# Do we need to check for closure of addition and multiplication when checking whether a set is a vector space

I am studying linear algebra using Axler's 3rd edition book.

When checking whether a set is a vector space, I refer to the definition on page 12. These are the definitions being used:

A vector space is a set V along with an addition on V and a scalar multiplication on V such that the following properties hold: commutativity, associativity, additive identity, additive inverse, multiplicative identity, distributive properties.

The book defines the operator "+" to be closed in set V and scalar multiplication to be closed in set V, therefore when I check whether a space is a "vector space" using these two operations, I only check whether the bolded properties hold.

Question 1: It appears that "+" and scalar multiplication are inhereited from the field which the vector space is over. Is this interpretation correct?

Question 2: Suppose now that there is an alternative definition of addition (call it +') and scalar multiplication (call it $$\cdot'$$) over a vector space candidate W, that does not correspond with our commonly known addition and multiplication in $$\mathbb{R}$$. To check whether W is a vector space, I know I have to go ahead and check the 7 properties, but I'm not sure whether checking that addition and scalar multiplication are closed is a) redundant or b) necessary. Put in a different way, does a set U following the 7 properties of a vector space imply "closed under addition and scalar multiplication?

The answer to Question 1 is no, addition and scalar multiplication are not inherited from the field. Let $$+_V$$ denote addition in the vector space $$V$$ and $$\cdot_V$$ scalar multiplication in $$V$$. Similarly, let $$+_F$$ and $$\cdot_F$$ denote addition and multiplication in the field $$F$$. Then the distributive properties allow you to relate $$+_V$$ and $$+_F$$ and $$\cdot_V$$ and $$\cdot _F$$. For instance, for all $$v \in V$$ and $$k_1,k_2 \in F$$, $$k_1 \cdot_V(k_2\cdot_V v) = (k_1 \cdot_F k_2)\cdot_V v$$ and $$(k_1 \cdot_V v) +_V (k_2 \cdot_V v )= (k_1+_Fk_2)\cdot_V v.$$ However, knowledge of the operations $$\cdot_F$$ and $$\cdot_F$$ do not tell you how to define $$+_V$$ and $$\cdot_V$$.

To illustrate this point, I could tell you that $$V=\mathbb{R}_+=\{x \in \mathbb{R}\mid x>0\}$$ is a vector space over $$F=\mathbb{R}$$. Do you know how to add vectors in $$V$$ now? It's not $$x+_Vy = x+_Fy$$. Rather, $$x+_Vy = xy$$. And scalar multiplication is not $$k \cdot_V x = kx$$ but rather $$k\cdot_V x = x^k$$.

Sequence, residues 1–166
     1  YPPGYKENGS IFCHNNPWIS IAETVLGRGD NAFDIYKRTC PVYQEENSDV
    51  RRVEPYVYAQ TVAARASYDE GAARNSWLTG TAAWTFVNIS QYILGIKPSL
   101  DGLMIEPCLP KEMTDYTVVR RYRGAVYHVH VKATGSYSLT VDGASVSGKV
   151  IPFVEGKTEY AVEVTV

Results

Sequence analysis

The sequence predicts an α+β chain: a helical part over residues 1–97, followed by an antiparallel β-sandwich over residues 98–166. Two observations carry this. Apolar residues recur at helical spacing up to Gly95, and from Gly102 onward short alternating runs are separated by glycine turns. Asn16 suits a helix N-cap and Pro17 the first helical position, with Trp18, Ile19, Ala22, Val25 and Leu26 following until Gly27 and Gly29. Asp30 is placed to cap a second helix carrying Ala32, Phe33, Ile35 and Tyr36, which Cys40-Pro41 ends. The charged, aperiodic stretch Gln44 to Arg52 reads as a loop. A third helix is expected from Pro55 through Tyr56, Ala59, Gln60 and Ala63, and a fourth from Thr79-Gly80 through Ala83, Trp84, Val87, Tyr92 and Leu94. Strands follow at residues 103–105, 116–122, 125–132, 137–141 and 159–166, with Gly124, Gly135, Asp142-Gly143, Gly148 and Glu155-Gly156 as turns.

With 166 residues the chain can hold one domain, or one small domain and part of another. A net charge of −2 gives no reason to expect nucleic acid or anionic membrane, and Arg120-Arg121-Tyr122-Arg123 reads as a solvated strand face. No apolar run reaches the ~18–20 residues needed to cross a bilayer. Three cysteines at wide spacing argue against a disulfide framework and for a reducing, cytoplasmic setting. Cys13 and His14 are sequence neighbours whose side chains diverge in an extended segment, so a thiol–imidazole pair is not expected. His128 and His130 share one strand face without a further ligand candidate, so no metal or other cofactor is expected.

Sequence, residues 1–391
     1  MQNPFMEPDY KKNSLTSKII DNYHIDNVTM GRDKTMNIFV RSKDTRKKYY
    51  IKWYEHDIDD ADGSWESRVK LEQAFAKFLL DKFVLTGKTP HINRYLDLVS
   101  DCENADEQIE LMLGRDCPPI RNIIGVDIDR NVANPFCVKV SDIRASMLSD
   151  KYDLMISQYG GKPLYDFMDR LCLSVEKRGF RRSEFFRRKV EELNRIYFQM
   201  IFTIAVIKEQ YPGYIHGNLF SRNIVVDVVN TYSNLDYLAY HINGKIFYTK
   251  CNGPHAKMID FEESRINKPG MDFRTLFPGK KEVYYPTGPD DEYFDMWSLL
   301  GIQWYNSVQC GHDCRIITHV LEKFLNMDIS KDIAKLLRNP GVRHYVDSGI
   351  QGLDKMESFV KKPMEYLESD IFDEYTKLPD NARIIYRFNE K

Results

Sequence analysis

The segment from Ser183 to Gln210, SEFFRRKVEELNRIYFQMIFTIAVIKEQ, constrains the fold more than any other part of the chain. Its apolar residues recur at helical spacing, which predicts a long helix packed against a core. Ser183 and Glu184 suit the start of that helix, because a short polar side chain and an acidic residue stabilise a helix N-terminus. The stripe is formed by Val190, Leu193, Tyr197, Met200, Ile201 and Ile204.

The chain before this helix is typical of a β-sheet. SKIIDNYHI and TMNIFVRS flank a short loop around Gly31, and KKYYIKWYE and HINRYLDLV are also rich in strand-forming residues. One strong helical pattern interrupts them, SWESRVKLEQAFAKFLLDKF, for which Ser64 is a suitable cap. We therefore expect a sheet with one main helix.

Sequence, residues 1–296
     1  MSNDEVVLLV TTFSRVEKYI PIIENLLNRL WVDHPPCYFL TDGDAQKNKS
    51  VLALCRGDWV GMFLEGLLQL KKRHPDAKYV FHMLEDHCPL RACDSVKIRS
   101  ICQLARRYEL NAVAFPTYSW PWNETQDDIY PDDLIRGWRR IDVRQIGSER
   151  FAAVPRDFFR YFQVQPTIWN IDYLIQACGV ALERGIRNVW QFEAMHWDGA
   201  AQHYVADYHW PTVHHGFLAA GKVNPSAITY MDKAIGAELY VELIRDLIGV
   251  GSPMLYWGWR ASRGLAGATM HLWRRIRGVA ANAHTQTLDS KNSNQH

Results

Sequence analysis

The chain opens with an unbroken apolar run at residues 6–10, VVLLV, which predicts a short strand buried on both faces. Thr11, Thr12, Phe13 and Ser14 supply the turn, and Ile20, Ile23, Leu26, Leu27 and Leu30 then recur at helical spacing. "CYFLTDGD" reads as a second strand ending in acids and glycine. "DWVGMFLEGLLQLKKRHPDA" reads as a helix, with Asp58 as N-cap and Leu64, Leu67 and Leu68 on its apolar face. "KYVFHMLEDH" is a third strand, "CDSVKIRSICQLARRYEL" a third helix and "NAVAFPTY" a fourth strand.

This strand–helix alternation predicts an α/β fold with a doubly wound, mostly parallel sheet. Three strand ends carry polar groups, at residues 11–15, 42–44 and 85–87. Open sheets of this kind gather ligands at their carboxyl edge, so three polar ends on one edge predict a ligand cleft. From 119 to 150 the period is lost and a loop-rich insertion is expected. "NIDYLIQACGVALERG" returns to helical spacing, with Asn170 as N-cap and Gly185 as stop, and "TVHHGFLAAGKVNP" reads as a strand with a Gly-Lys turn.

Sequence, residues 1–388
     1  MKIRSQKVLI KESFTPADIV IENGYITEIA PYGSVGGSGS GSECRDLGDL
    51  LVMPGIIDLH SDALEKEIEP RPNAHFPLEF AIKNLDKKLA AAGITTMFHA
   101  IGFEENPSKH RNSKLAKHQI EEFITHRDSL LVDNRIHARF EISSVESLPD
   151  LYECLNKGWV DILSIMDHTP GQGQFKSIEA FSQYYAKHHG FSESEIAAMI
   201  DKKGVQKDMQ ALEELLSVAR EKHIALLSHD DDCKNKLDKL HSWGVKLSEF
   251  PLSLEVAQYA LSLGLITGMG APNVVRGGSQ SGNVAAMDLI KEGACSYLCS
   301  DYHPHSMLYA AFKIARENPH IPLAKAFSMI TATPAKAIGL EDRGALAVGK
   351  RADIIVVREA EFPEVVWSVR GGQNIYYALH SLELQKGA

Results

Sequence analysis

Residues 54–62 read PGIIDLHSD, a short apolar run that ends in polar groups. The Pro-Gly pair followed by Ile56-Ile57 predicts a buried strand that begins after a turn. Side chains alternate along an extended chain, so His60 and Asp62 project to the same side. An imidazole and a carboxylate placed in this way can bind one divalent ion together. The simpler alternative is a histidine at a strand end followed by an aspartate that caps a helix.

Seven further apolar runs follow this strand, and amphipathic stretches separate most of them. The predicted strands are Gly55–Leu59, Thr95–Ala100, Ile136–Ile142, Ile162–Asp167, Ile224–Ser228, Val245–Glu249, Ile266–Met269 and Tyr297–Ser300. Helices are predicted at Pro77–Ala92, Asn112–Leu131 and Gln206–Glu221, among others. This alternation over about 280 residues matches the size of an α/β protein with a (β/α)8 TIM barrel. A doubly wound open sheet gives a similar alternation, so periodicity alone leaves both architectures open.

So the answer to Question 2 is yes, you must check for closure of $$V$$ under the vector space operations.

• You said: "Do you know how to add vectors in V now? It's not x+Vy=x+Fy. Rather, x+Vy=xy." Just wanted to confirm that your point here is that the vector addition could be anything, which has no bearing as to how it's defined in $\mathbb{R}$? Oct 3 '19 at 4:38
• @jh1001 Right, my point is that just knowing $V$ is a vector field over $F$ and knowing how to add and multiply in $F$ does not tell you how to add and scalar multiply in $V$. I wouldn't say vector addition could be "anything" since it still has to follow certain axioms, but it is not determined by the field $F$.
– kccu
Oct 3 '19 at 21:55

Consider the union of the two axes in the $$xy$$-plane. (This is a cross shape, not the whole plane.)

$$W=\{(x,0)\mid x\in\mathbb R\}\cup\{(0,y)\mid y\in\mathbb R\}$$

With the usual definition of addition and scaling of vectors in the plane, this set satisfies all of your axioms, but is not closed under addition.

$$(3,0)+(0,2)=(3,2)\not\in W$$

So if we don't want to say that $$W$$ is a vector space, the axiom of closure is necessary.

When dealing with a real vector space (as in Axler) you do not get to change the definitions of addition and multiplication (of numbers) in $$\mathbb{R}$$. A vector space has addition of vectors and multiplication of a vector by a scalar as part of the definition. (Those definitions may sometimes look weird, or alternative, but they are fixed for that space.)

In order for a subset to be a subspace it must be closed under the operations in inherits from the containing space.

In general, the addition ($$+$$) and scalar multiplication ($$\cdot$$) are different for the vector space itself, on the one hand, and the field it is a vector space over, on the other. However in the familiar case of the real numbers over themself, or $$\Bbb R^n$$ over $$\Bbb R$$, for that matter, the operations are indeed defined in terms of the operations in the field.

Closure is indeed fairly obvious in the case of $$\Bbb R^n$$ over $$\Bbb R$$. Or in the case of coordinate spaces. But in general you need to check. As for instance, when you check if you have a subspace (which is a special case of the problem you are considering) , closure is all you have to check (the other properties are inherited).

I would be prepared to check closure: (it seems like) there are some funky vector spaces out there. For one thing, you can tweak the familiar operations in various ways.

Of course, this all kind of sounds like hot air without some examples. For the finite dimensional case, Halmos' Finite Dimensional Vector Spaces is supposed to be good. And don't forget the function spaces and other different examples of infinite dimensional spaces. This list includes Banach spaces, and Hilbert spaces.

Then there are the examples of field extensions, such as $$\Bbb Q(i\sqrt7)$$, that one encounters in algebraic number theory.

For a vector space one needs an abelian group, which also has to be an $$\Bbb F$$-module.